Perhaps one of the mysteries of the past decade can be cleared up; but probably not. In the meantime, the real issues between Israel and the Palestinians – how to restart peace negotiations and work seriously for a compromise peace between the two peoples – are left again in a fog of distraction and disagreement.
We’re thrilled to have received some questions at SpiesArmageddon@gmail.com and through Twitter where we are @SpiesArmageddon—including folks asking where the book can be ordered. Well, official publication date is July 9, 2012, so no one’s supposed to have our book until then. But it can be ordered now!
israel spy, covert operations, Dan Raviv, Yossi Melman, Spies Against Armageddon
In the new world of publishing, including websites that have truly transformed the books industry, the roll-out of a new product is not perfectly predictable. But, to let you in on the process, here is the state of play.
First, we don’t mind sharing with you the decision by Levant Books, and we agree, to dispense with the expensive hardcover book stage. We believe there are some urgent issues and revelations in our book, and we wanted to make it available as widely, affordably, and quickly as we could. So Spies Against Armageddon will be a paperback right away—and an ebook, in all the various forms of ebooks.
At Amazon.com the paperback of Spies Against Armageddon can now be pre-ordered, for delivery on the publication date: http://amzn.to/MyVmTQ
We expect that the ebook version for Kindle will also be at Amazon, any day now.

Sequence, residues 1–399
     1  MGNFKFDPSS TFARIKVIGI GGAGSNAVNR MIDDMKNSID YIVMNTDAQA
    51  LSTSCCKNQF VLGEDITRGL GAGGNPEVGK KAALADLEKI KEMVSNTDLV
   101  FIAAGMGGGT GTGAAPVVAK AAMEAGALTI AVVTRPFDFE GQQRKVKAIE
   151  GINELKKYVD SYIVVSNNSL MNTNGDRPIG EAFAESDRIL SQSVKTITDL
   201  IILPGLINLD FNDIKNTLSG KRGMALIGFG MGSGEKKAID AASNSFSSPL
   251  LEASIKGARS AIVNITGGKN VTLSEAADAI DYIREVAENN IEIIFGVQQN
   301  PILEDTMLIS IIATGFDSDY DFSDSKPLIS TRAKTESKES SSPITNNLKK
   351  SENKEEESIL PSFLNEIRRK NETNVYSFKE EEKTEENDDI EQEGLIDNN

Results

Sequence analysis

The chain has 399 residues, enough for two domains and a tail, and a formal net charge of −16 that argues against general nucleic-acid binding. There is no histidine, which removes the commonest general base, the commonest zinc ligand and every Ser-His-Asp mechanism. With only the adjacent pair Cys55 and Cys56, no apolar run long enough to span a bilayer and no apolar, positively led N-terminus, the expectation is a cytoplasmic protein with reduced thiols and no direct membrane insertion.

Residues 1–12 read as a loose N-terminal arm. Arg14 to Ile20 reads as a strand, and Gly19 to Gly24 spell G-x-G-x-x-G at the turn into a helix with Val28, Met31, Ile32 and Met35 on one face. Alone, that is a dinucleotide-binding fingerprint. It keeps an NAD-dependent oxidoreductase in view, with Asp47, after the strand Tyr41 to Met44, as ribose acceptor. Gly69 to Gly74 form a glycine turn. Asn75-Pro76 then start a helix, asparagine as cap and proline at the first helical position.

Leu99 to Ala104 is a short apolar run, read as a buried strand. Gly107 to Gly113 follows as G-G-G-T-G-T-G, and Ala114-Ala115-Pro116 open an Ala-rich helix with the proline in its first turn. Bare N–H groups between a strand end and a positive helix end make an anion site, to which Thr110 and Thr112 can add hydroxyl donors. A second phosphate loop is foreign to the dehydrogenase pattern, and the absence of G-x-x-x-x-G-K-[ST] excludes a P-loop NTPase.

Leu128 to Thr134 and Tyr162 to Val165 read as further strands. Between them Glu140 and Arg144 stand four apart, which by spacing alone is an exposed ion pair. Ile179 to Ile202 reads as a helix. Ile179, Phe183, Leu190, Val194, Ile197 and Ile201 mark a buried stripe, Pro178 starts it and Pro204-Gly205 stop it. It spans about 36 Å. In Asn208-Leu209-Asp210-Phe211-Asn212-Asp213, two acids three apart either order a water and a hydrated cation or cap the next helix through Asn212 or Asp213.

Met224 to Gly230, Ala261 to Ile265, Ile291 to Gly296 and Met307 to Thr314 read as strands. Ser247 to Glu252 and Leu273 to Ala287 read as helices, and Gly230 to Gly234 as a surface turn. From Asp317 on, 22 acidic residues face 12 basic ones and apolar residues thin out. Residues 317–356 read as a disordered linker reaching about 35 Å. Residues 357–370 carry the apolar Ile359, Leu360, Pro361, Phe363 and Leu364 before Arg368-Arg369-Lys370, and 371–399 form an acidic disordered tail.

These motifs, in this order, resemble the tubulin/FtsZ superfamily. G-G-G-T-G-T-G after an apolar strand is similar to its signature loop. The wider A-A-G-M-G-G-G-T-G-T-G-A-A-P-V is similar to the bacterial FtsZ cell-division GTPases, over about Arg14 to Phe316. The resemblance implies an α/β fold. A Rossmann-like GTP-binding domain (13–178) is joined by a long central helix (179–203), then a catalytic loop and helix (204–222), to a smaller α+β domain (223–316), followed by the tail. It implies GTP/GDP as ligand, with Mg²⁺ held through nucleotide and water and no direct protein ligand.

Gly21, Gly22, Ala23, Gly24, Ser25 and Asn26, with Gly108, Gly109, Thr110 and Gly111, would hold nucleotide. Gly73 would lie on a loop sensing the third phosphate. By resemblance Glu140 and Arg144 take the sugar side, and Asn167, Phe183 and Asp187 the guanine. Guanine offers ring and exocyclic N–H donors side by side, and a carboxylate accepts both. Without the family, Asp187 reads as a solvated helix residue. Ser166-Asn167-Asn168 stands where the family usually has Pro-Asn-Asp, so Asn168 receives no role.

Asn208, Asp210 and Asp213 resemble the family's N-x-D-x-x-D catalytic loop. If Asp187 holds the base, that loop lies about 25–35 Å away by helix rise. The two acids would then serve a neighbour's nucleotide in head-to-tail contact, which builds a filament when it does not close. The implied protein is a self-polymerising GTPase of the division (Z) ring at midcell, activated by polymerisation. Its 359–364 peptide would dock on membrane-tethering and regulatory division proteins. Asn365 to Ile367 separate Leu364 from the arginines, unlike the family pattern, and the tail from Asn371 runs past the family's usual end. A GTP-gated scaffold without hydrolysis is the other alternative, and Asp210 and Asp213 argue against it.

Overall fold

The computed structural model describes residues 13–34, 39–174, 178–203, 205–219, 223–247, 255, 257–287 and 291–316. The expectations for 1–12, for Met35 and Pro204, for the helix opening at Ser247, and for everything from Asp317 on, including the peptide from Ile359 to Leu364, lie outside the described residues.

At BN.com our book is now available as an ebook for the Nook, and we hope you will find $7.55 to be an attractive price: http://bit.ly/MsYwqY .
You will also see there our previous book, about U.S.-Israel relations, called Friends In Deed.
Another ebook site we can recommend is Kobo, which has a strong following in Europe. Our books are at: http://bit.ly/Opocrf
Thank you for your interest, and as authors we are finding the new world of publishing quite interesting. We hope you’ll see us in the media, discussing Israeli espionage, the West’s confrontation with Iran’s nuclear program, and other Middle East issues, starting around July 9.
The massacre at the Munich Olympics in 1972 was a shock to the entire world — and certainly to Israel. Palestinian terrorists killed two Israeli athletes in the Olympic Village, and then another nine were massacred later at a German airfield.
Many published accounts say the Mossad — Israel’s secret agency for foreign operations — then embarked on revenge: sending hit squads to Europe and Lebanon to kill any Palestinian involved in planning the Olympics attack. But, our book Spies Against Armageddon reveals, it really was a tactical move: to step up a war against the PLO and its secret offshoot Black September. Israel believed that European governments were not doing enough, so the Mossad was assigned to kill key Palestinian militants and demonstrate that Israel would not turn the other cheek.
Mosab Hassan Yousef—the son of the founder of Hamas, is back in Israel for a a month for a speaking tour and trip to Israel’s Parliament, according to The Washington Post.
In his autogiography, entitled “Son of Hamas,” Yousef told stories of the times he prevented suicide attacks and worked as a spy for Israel. His father, Sheik Hassan Yousef, is in an Israeli prison and wants nothing to do with his son. The son is now a Christian living in California, according to the paper.